The fast-spreading Delta variant is now responsible for more than 90 percent of Covid-19 cases in the United States. While the recent surge of infections appears to be concentrated in places with relatively low vaccination rates, reports are emerging of hot spots in highly vaccinated parts of the country. Some point to signs of declining vaccine efficacy: breakthrough infections in fully vaccinated individuals have risen in some places to as high as 30 percent of reported cases; fully vaccinated people, once they come down with Delta, can transmit their infections to others; and while there is encouraging though still limited evidence that vaccines remain highly effective in preventing severe cases of the disease, their overall effectiveness has declined, especially in the more vulnerable elderly. Booster shots appear to be in the lineup for the fall.
But my own research—based on a recent, non-peer-reviewed study of the 112 largest counties in the U.S., encompassing 147 million people—provides strong evidence that vaccines do prevent severe disease. I determined the percent of the population fully vaccinated in each county as of mid-July, and then compared the county’s vaccination coverage with its rate of new Covid-19 cases and hospitalizations during the first two weeks of August. To be sure, lots of factors can affect Covid-19 rates, including a county’s age distribution, racial and ethnic makeup, as well as its public and private policies toward social distancing. Still, I observed an unmistakable and strong negative relationship between vaccination coverage on the one hand and case counts and hospitalizations on the other.
What’s more, the deterrent effect of vaccination coverage on Covid-19 cases severe enough to need hospitalization was much stronger than the corresponding deterrent effect on all Covid-19 cases. The bottom half (with an average coverage of 43 percent) had 94 percent more Covid-19 cases per capita and 170 percent more Covid-19 hospitalizations per capita than the top half (with an average coverage of 57 percent).
That’s large-scale evidence, covering nearly 40 percent of the U.S. population, that vaccines are still preventing severe Covid-19. The accompanying graphic plots Covid-19 hospitalization rates against vaccination coverage for each of the 112 counties in my study. Bigger dots mean larger populations. At the upper left, we see Fulton County, Georgia, home to Atlanta, where just 23.5 percent of the population is fully vaccinated and there were 84 hospitalizations per 100,000. At the bottom right, we see Montgomery County, Maryland, home to Rockville and Bethesda, where 69.4 percent of the population is fully vaccinated and there were seven hospitalizations per 100,000.
All of this suggests that a continuing, large-scale vaccination strategy could curb the recent surge. Large healthcare systems and institutions of higher education have already imposed vaccine mandates for employees and students. When Houston Methodist required its 25,000 healthcare workers to be vaccinated, more than 97 percent complied. A federal judge dismissed a lawsuit by some of the hospital’s employees, throwing out the argument that they were being coerced into participating in an experiment. Another federal judge declined to order Indiana University to suspend vaccine mandates for its 48,500 students and 10,000 faculty and staff, rebutting the argument that the FDA had given only emergency use authorization to Covid-19 vaccines. Citing longstanding precedent, Supreme Court justice Amy Coney Barrett declined an appeal.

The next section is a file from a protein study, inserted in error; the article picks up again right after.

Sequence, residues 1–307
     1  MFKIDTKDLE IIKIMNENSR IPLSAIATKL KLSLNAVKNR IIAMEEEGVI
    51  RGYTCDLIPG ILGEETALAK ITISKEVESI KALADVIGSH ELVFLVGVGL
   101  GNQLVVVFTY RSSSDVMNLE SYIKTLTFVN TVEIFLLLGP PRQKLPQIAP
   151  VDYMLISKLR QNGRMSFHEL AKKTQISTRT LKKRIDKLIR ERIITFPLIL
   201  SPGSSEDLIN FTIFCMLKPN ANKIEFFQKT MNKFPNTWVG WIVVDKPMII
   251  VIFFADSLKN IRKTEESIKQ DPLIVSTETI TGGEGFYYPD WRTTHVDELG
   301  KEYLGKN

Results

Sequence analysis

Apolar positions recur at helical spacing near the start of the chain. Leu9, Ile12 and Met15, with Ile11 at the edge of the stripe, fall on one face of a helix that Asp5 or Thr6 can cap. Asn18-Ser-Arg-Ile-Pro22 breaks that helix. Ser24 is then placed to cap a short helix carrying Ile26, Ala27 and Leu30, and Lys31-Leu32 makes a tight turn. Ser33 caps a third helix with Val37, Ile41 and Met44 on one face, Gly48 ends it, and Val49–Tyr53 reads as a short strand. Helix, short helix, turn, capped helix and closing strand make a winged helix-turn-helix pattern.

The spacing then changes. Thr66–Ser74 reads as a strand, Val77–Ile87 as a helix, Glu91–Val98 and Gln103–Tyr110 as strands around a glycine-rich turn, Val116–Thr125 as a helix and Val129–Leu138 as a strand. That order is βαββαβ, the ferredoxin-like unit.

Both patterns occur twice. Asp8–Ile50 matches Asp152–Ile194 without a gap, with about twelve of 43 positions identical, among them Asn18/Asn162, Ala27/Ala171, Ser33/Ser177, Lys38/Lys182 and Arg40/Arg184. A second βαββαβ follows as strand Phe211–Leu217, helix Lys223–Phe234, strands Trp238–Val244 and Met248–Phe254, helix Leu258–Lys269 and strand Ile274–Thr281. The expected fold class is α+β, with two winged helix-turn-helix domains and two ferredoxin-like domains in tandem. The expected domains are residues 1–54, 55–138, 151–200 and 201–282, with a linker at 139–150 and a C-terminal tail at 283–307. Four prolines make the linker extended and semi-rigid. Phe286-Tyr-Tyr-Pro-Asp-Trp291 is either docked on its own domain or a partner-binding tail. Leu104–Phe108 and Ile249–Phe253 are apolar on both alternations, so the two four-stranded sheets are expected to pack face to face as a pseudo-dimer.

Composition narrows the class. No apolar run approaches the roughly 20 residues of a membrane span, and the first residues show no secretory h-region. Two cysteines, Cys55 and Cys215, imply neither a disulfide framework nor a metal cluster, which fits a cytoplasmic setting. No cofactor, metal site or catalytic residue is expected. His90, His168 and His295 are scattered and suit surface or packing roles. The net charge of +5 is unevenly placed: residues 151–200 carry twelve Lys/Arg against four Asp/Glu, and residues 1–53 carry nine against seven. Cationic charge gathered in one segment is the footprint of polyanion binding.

The White House was initially reluctant to endorse vaccine mandates for federal workers. But that did not stop independent agencies like the Veterans Administration from taking such measures. The Equal Employment Opportunity Commission’s ruling that private employers can require employees to be vaccinated—subject to reasonable accommodations for medical contraindications or sincerely held religious beliefs—has opened the floodgates to a wave of mandates. San Francisco’s decision to mandate vaccinations for city workers set a key precedent for municipal governments.
While some state governors and legislators have issued executive orders and passed legislation to stop vaccine mandates, their prohibitions will likely prove unenforceable. Witness Norwegian Cruise Line’s lawsuit against Florida to stop its statute blocking vaccine mandates. And Georgia governor Brian Kemp’s executive order won’t stop the four schools comprising the Atlanta University Center, home to the city’s historically black colleges and universities, from imposing mandates on its students, faculty, and staff.
These employers have imposed mandates because they share a common economic incentive: they want to head off a potentially disastrous Delta outbreak. So do the municipal governments that have followed New York City’s lead in requiring customers and employees to provide proof of at least one vaccine dose to participate in many indoor activities.
Staving off severe disease, not wiping out all Covid-19 infections, should be the goal. Breakthrough infections notwithstanding, vaccines still keep people out of the hospital and alive. As a practicing physician, I have seen as many reasons for declining to be vaccinated as I have unvaccinated patients. But as an economist, I know that these nuances of motivation are only secondary. Lots of people prefer apples over oranges for various reasons, and many others prefer oranges to apples for still other reasons. But if the price of apples relative to oranges rises high enough, they’ll switch to buying oranges. And if public policy raises the price of staying unvaccinated to a sufficiently high level, many of the hesitant will similarly get the shot.
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